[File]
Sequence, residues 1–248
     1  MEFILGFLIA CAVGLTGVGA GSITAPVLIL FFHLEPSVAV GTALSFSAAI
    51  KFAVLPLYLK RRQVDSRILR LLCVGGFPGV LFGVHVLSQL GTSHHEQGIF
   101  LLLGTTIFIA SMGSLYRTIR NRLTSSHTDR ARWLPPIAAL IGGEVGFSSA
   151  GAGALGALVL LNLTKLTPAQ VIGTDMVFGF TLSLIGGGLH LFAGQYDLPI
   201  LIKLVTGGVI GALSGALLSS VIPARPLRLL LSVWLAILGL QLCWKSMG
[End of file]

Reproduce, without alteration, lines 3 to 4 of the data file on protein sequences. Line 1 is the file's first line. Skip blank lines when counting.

    51  KFAVLPLYLK RRQVDSRILR LLCVGGFPGV LFGVHVLSQL GTSHHEQGIF
   101  LLLGTTIFIA SMGSLYRTIR NRLTSSHTDR ARWLPPIAAL IGGEVGFSSA